• ‘Affiliation through Amplification’, Emily Pillinger (King’s College London) and Miranda Stanyon (University of Melbourne)

Panel 11: Reassembling the Social, Rethinking Affinity
Chaired by Zaccary Haney (Loyola University Chicago)

  • ‘Considering Ants and ANT: Traherne and Latour’s Relational Ecologies’, Olivia Leonard (Arizona State University)
  • ‘The Sapphinity as Moratory Hauntology: Spectral Archives in After Sappho’, Andreea Moise (University of Bucharest)

Panel 12: Affiliative Pedagogies
Chaired by Ryan Hintzman (Yale University)

  • ‘ “Then and Back Again”: Asynchronous Encounters and their Epistemological Issues for Literature Teachers- to-be in France’, Claudine Le Blanc (Université Sorbonne Nouvelle) and Tristan Mauffrey (Université Sorbonne Nouvelle)
  • ‘Beyond Boxes: Rethinking Periodization and Genre in the International Baccalaureate Language A Curricular Framework’, Shelby Knighten (University of Oxford) and Leah Yates (University of Denver)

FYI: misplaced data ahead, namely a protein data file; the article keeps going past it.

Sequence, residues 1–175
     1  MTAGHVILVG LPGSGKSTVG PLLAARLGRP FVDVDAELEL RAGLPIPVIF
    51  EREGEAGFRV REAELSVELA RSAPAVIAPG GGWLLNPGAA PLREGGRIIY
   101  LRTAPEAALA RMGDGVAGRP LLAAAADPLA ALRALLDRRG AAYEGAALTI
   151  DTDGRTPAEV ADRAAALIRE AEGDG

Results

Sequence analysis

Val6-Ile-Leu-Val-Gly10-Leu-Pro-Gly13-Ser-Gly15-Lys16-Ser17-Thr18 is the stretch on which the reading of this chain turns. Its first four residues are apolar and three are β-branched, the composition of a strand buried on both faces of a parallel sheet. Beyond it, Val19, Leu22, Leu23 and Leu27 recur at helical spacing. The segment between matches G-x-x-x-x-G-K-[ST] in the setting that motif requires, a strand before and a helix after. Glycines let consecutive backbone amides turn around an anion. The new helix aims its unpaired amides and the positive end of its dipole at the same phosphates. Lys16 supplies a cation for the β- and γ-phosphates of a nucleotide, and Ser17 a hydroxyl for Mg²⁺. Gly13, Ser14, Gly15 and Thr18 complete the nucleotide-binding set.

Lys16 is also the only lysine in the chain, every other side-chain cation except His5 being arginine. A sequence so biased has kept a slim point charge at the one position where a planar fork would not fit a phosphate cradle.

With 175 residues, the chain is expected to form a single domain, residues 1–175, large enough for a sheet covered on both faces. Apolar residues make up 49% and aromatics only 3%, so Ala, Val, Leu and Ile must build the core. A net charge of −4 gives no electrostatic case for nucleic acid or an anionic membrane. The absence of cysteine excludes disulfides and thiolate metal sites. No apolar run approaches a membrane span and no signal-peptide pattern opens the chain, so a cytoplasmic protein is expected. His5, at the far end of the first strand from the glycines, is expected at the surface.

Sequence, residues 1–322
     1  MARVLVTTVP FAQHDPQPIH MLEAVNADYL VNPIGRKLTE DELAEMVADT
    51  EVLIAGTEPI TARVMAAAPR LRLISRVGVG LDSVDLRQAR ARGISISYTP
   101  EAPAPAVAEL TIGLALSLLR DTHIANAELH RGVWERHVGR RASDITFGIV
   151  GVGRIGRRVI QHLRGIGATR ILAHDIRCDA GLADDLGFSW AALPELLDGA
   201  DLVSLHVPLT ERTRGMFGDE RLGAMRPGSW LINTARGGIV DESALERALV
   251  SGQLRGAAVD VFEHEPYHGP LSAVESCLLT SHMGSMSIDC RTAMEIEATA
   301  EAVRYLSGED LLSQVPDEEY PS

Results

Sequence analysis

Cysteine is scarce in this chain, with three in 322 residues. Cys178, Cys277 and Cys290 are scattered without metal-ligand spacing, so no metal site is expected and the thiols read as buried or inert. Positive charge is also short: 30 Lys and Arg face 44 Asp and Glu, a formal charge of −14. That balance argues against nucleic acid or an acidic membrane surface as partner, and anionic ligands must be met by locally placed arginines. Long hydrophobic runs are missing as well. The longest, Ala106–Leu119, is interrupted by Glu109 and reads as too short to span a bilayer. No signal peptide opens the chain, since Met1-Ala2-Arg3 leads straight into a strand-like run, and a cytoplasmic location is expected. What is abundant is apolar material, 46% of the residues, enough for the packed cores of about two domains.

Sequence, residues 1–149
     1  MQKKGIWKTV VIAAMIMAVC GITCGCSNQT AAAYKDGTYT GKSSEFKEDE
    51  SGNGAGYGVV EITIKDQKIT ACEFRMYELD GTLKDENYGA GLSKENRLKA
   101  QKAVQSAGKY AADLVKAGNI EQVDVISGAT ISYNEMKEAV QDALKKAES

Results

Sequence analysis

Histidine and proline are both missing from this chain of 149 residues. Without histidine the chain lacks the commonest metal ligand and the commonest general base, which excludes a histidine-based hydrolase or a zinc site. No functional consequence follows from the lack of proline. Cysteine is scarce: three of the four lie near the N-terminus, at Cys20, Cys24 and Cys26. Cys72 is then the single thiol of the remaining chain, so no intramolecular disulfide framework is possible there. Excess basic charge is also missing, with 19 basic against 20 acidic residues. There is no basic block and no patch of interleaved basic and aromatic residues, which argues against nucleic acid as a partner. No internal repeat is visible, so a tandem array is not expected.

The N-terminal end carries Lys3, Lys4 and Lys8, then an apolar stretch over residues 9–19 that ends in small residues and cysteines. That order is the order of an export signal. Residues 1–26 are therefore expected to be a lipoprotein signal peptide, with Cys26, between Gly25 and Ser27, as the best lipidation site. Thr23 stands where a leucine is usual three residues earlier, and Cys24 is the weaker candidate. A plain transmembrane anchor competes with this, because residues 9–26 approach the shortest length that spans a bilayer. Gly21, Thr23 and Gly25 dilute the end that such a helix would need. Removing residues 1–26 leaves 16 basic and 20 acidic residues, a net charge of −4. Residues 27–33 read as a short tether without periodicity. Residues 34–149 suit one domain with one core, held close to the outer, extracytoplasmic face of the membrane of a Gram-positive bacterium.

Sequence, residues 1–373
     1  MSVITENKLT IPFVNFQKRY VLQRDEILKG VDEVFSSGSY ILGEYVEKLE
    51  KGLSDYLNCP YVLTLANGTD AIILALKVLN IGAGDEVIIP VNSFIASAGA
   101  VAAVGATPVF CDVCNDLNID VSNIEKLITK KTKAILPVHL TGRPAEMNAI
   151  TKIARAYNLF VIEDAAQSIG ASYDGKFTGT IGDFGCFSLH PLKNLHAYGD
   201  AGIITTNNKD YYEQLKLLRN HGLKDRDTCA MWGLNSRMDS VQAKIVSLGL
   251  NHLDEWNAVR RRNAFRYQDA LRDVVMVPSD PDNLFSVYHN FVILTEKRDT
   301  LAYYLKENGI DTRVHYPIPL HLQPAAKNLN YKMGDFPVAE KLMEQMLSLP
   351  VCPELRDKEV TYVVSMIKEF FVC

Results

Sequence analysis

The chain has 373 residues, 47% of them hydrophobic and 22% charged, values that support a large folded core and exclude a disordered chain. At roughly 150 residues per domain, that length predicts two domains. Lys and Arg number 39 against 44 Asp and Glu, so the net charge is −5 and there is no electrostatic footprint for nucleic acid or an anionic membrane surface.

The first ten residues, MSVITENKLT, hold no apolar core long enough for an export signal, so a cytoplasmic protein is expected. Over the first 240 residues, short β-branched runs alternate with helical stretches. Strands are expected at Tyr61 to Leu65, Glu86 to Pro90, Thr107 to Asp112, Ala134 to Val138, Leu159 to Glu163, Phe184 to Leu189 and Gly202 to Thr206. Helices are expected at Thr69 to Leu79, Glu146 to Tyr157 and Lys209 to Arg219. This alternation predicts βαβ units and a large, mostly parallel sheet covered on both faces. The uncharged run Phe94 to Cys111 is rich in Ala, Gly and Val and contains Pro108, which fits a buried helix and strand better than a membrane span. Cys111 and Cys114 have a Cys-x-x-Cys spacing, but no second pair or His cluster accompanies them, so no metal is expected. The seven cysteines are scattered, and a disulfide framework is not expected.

12:10–13:10 | Lunch

13:15–14:45 | Parallel Panels 13, 14 and 15

Panel 13: Preterite Present
Chaired by Grace O’Duffy (University of Oxford)

  • ‘ “They’re not fanfics, mother”: Reading Medieval Literature with Fanfiction’, Anna Wilson (Harvard University)
  • ‘Intermittent Imagos and Malfunctioning Memory Chips: Roman Funerary Culture and Discontinuous Intertextuality in Bujold, Leckie and Martine’, Helen Lovatt (University of Nottingham)
  • ‘Rejecting “Medievalism”? Comparing The Wanderer and Star Wars: The Last Jedi’, Catrin Haberfield (Stanford University)

Panel 14: Poetry and Poetics
Chaired by Stephen Guy-Bray (University of British Columbia)

  • ‘On Emergent Occasions: Toward a Comparative Pragmatics of Poem-Making’, Ryan Hintzman (Yale University)
  • ‘A Perspective on Cross- Temporal Comparison: Innovation of ‘Lyrical Forms’ in the Bridesmaid (1851) and the Marienleich of Frauenlob (Heinrich von Meißen, 1250/1260– 1318)’, Simone Kügeler-Race (University of Cambridge)
  • ‘Expansive Solipsists: Petrarch, Whitman, and the Poetics of Selfhood’, Trevin Corsiglia (Washington University in St. Louis)

Panel 15: East-West Affiliations